Rejected! – Common Reasons Publishers Give When Rejecting a Manuscript


Rejection, rejection, rejection…that’s what this post is about. But it’s also about learning and pushing forward.

Your writing is much like a child; you create it, you perfect it, you often obsess over it, and when it’s all grown up, you send it out into the world. Unfortunately, more often than not, your little labor of love comes right back to you. Hopefully, only for a temporary visit. If you stay the course, and continue to perfect your craft, eventually the rejections will cease and your work of art will finally blossom into what you always knew it could be: a book.

As you go about your journey towards becoming a published author, you will, like it or not, face a varied amount of rejection. It truly is simply the nature of the beast that we call the publishing industry. For most writers, rejection is almost a way of life. Some of the greatest authors and, indeed, greatest works of literature have faced rejection. Here are some examples to raise your hopes a bit:

Harry Potter and the Philosopher’s Stone by J.K. Rowling was rejected 12 times.

The Diary of Anne Frank was dismissed by 15 publishers.

Watership Down by Richard Adams was rejected 17 times.

Lord of the Flies by William Golding faced 21 rejections.

Chicken Soup for the Soul by Jack Canfield and Mark Victor Hansen had a total of 140 rejections!

Even the celebrated Dr. Seuss faced publishing woes. His first book, And To Think That I Saw It On Mulberry Street, was passed on 27 times.

While it is likely impossible to avoid rejection as an writer, you can still work at improving your craft and your submission strategies. If you understand some common reasons publishers reject manuscripts, then maybe you can keep the mountain of rejections to a mole hill.

reasons for rejection

Reasons for Rejection

“This does not fit within our publishing model” or “This is not inline with what we typically publish.” or something similar.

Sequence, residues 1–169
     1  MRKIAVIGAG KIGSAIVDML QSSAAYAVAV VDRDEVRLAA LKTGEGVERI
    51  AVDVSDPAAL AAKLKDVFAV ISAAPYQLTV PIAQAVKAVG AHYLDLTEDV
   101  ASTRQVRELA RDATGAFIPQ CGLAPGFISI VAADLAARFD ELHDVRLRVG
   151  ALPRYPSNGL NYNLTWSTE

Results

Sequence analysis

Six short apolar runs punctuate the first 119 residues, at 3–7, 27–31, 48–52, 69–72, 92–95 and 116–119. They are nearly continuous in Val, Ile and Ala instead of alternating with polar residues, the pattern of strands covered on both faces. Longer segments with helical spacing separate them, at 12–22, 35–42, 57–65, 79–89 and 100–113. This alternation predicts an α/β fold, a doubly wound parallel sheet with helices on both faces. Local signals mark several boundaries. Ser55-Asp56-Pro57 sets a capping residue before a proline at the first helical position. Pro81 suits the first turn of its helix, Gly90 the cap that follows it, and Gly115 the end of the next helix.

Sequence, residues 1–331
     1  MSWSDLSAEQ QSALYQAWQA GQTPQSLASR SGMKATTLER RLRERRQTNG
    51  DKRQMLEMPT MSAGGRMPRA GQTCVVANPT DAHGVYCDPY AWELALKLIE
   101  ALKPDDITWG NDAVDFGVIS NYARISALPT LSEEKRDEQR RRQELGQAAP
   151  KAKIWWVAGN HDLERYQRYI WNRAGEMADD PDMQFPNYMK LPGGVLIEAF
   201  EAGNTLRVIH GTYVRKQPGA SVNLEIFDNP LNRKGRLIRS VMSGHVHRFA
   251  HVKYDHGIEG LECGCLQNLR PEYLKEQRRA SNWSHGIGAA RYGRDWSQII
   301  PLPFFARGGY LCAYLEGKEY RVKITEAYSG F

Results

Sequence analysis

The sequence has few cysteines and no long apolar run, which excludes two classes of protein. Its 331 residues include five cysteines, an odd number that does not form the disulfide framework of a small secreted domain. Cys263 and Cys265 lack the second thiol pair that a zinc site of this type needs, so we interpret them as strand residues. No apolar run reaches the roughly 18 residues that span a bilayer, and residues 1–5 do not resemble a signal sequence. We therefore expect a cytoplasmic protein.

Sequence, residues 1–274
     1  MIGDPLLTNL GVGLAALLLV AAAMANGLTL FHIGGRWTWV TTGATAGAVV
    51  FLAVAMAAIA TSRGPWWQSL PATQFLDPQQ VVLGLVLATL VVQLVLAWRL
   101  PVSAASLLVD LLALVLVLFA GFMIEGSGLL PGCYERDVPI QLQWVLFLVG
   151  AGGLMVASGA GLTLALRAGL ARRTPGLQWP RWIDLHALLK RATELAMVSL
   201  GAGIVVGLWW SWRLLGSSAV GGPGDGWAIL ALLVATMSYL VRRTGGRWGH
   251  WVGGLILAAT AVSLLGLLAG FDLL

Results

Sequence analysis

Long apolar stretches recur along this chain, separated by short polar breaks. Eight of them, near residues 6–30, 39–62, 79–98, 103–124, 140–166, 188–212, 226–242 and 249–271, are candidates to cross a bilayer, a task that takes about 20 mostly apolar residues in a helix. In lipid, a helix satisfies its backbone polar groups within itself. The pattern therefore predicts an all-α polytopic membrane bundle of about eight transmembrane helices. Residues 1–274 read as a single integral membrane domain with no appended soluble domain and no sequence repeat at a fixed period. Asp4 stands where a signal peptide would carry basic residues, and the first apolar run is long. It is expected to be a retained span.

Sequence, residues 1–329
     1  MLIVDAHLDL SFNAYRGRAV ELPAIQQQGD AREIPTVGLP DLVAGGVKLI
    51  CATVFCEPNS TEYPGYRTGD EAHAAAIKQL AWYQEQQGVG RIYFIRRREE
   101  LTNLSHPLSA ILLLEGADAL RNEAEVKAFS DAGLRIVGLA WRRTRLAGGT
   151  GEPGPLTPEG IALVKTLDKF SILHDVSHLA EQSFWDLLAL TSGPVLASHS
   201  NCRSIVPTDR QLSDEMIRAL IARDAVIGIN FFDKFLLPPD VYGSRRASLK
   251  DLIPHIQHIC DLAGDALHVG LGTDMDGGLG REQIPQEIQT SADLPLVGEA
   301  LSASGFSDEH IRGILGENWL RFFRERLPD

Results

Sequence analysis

This is fairly self-explanatory. While this could be a way for the publisher to politely decline and also spare your feelings, it could also mean you submitted to the wrong publisher. Do your research before you submit to make sure your manuscript matches their publishing line. Or that they are even looking for the type of story you are submitting.

Our publishing schedule is full.

Again, obvious and straight forward. At least, in this case, the window is left open to re-submit again in the future.

Thank you for your submission, but it isn’t for us.

This one is a bit vague, but likely means they simply didn’t like it. Quite frankly, the majority of rejections will come down to personal taste. Don’t get too discouraged, though. Everyone has their own opinion. Have a 3rd party read your work, maybe hire someone for the job, then make some improvements and keep trying.

It failed to grab our attention.”

If you’ve seen this one, it could mean a re-evaluation of your opening chapters is in order. Publishers/agents often request the first few chapters of longer works. If it’s not hooking them soon enough, your book may be the victim of the “info dump”. Basically, you may be spending too much time explaining things or introducing characters and not enough time blowing things up…so to speak.